Bichon Frise Breed Magazine - Showsight


!"#$%&'(%)($*+(,"-*%. !"#!$%&'($#)'(*+%,-.& ! his is a breed to be appreciated for char- acteristics we enjoy so much in a pet, or show prospect. Th e Bichon generally is smart, clever, attentive, kind with other pets and never noisy. Th e large, dark eyes spell friendliness and add to their par- ticular style of carriage. Always notice- able is the head held high and a wav- ing, plumed tail carried gaily over the back. Th is is the appeal that brought the breed to notice in the beginning of their appearance in this country. Virtually unknown as a dog breed in America, in 1957, Francois and Helene Picault arrived from France to join family members in Wisconsin. Along with them came a few Bichon Frise pets. Th eir dogs all possessed fi ve generations pedigrees as well as being registered in France. Th e breed, registered in France and Belgium, has been active for many generations, going back to the 1930s. It was thought by the Picaults that their Bichons would be readily accepted for registration at the American Kennel Club. Th is was not to be, much to their disappointment. Once the inquiry was made they were informed about certain procedures to be followed. Most of all, this e ff ort would take many years of establishing clubs, gaining membership all over the country, with all this information and much more without the slightest encouragement. Just prior to 1960 the Picaults moved to San Diego, California. Th is would be a turning point for the breed because of a few dog fanciers. Th ey took up the cause to establish the breed and dedicated their e ff orts to work toward the goal. Th e Bichon Frise Club of America and San Diego Bichon Frise Clubs’ were

formed and direction from the AKC lead to a Stud Book being established. All Bichons were individually registered by this means, which included litters as they came along. Th e BFCA registry began with number 1 and continued on for years. All records and money obtained through the registry was turned over to the AKC. Th e fi rst accomplishment for Bichon owners was the eligibility to enter the Miscellaneous Class. Th en on to full registration and entry to the reg- ular classes. It was more than ten years of dedication to this e ff ort and a happy day in 1973 when we attended the fi rst licensed shows. Prior to this date Bichons were being exhibited at Specialties pro- vided by the BFCA and local clubs. After all the favorable comments it is important to mention the up-keep of the Bichon. Theirs is a coat that grows continually and requires constant care. The texture is soft and thick and needs brushing to the skin. Profession- al grooming care may be necessary. A two-inch length scissored makes main- tenance easy and that pet can look like a puppy forever! Show coats are left lon- ger and with styling. I have personally been involved in every aspect of Bichon activities since 1960 and wish to say I owned and worked with them for the fun of it.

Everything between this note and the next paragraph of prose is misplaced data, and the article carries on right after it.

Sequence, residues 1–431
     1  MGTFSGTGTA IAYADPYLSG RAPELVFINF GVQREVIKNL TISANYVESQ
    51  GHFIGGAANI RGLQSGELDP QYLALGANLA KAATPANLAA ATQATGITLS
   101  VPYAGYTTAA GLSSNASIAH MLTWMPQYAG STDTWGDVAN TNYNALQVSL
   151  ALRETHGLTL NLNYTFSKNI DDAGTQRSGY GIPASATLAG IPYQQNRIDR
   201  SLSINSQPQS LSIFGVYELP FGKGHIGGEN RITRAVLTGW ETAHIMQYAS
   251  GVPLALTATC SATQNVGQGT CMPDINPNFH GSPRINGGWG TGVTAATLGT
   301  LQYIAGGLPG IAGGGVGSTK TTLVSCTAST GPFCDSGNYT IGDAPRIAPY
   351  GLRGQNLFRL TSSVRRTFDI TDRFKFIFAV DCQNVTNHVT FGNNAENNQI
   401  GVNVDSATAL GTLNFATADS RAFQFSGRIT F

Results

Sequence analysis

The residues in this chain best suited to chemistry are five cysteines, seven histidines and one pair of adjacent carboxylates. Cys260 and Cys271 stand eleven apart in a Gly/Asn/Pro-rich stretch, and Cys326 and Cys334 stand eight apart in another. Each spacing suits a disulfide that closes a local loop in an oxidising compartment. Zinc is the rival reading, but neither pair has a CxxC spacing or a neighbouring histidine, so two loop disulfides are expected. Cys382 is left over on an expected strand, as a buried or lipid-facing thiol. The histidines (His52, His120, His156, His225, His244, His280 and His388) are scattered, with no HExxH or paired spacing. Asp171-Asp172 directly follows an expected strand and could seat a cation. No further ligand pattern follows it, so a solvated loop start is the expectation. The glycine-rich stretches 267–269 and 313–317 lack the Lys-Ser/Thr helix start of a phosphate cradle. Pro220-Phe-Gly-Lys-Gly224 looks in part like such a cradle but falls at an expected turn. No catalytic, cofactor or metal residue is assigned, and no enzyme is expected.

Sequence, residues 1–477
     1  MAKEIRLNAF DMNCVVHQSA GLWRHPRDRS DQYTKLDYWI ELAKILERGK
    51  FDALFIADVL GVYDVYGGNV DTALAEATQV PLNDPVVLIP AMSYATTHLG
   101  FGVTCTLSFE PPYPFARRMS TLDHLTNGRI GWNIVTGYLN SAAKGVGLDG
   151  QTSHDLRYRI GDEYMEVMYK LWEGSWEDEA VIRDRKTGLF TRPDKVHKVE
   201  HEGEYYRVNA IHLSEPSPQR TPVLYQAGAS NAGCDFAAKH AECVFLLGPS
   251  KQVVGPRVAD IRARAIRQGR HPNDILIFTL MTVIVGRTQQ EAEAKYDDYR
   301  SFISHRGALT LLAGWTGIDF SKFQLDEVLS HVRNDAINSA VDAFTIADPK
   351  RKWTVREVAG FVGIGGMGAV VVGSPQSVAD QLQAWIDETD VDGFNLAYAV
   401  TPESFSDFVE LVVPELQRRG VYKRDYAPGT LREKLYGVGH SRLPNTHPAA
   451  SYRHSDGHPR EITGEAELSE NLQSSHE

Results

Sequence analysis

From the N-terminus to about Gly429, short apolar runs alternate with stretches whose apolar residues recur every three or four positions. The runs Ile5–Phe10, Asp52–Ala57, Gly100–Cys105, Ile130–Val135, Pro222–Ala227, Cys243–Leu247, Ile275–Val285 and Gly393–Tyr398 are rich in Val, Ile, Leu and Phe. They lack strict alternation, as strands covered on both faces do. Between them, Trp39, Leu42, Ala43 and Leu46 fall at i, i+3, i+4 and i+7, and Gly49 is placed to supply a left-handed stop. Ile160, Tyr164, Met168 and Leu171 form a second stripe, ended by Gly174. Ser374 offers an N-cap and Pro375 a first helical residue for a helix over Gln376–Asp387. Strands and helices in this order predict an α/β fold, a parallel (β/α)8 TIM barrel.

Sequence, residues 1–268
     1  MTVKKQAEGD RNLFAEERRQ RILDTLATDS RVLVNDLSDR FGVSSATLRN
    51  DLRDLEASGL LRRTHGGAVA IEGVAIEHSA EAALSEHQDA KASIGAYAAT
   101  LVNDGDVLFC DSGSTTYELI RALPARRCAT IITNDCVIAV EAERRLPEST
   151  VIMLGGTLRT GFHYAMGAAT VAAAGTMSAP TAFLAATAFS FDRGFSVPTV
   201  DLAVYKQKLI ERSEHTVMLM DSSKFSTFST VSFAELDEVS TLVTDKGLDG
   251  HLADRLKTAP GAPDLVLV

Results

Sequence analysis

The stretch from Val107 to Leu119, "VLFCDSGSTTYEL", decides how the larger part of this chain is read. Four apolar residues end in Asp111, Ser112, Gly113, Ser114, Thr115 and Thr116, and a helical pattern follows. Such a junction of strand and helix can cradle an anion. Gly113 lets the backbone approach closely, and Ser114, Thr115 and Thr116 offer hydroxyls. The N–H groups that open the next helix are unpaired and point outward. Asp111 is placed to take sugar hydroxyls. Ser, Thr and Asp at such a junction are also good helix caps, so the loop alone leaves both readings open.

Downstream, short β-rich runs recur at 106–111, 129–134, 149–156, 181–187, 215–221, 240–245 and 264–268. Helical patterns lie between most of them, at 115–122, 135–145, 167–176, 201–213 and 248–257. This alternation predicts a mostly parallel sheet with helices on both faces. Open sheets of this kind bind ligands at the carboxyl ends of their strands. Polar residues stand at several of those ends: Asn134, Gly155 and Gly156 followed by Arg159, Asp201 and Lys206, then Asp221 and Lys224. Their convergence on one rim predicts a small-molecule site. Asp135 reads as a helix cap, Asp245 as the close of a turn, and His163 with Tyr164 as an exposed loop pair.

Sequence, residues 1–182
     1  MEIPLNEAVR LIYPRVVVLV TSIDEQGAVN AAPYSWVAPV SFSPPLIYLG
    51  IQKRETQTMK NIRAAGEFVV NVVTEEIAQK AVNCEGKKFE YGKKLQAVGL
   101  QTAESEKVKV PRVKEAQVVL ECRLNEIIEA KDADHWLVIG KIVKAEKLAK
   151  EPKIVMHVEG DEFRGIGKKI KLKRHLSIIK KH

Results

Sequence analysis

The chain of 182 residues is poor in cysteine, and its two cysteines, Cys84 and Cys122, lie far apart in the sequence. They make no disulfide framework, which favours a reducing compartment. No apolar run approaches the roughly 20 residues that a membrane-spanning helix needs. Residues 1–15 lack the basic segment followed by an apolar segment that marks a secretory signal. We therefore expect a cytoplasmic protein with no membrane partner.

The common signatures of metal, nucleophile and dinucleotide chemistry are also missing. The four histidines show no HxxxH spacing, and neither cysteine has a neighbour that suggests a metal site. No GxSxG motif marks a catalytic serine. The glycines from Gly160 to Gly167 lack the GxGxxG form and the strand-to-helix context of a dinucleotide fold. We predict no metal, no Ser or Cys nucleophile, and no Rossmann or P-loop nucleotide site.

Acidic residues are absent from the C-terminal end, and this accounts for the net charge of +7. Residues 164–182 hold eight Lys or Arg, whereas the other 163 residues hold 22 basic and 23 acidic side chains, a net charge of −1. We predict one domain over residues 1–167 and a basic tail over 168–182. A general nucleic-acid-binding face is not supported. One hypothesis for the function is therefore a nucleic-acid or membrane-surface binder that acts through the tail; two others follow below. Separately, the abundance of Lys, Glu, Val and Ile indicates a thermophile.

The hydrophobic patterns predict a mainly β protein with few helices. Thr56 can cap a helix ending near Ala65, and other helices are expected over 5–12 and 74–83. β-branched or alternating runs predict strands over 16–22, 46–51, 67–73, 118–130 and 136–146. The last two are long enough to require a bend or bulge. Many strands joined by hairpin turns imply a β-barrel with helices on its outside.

My mother’s fi rst Bichon (1968) was the first time I had ever seen this breed and it was a powder puff with the most beau- tiful eyes I had ever looked into. At that time trimming simply meant a brush, blow dry, trimming the eyes and round- ing of the feet. Several breeders such as Bernice Richardson (who was co-breed- ing with Gertrude Fournier—Cali-Col kennels) from California as well as my mother, Mary Vogel (Vogelflight) from Virginia felt this breed needed a trim not only to enhance the look but to reveal the interesting conformation on this sturdy little breed. Mary bred and showed the Miniature Schnauzer so when she started experimenting on trimming the Bichon she decided to do all four legs as well as the underbelly like the Schnauzer and she liked the result! Meanwhile, on the West Coast, Bernice with her Poodle background, was work- ing on trimming the topline, neck and the head—the pattern was starting to evolve! While these two ladies were in no way the only ones trimming this new breed; they certainly were a great in fl uence! For the most part the trims of today are very similar worldwide with the exception of the head. Th is is not to say that one style is more correct than the other as it is a matter of personal preference. Looking at trims today will reveal extremely round heads, slightly round heads with short ears, or a slight bell shape and all are perfectly accept- able. However, one must keep in mind that Bichons are always to be pretty and merry looking, never stern or “mean” looking. Th at being said when hair is left between the eyes in the shape of a “V” it results in less than a merry look and should be avoided. Following the out- line and the lines of the body produce a correct trim although we all know the “Master of Scissors” can hide a multitude of faults!

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-'&($#4567 " how trims on the Bichon Frise have certainly come a long way from when they were fi rst exhibited here in the US in the Rare breed and Miscellaneous classes.


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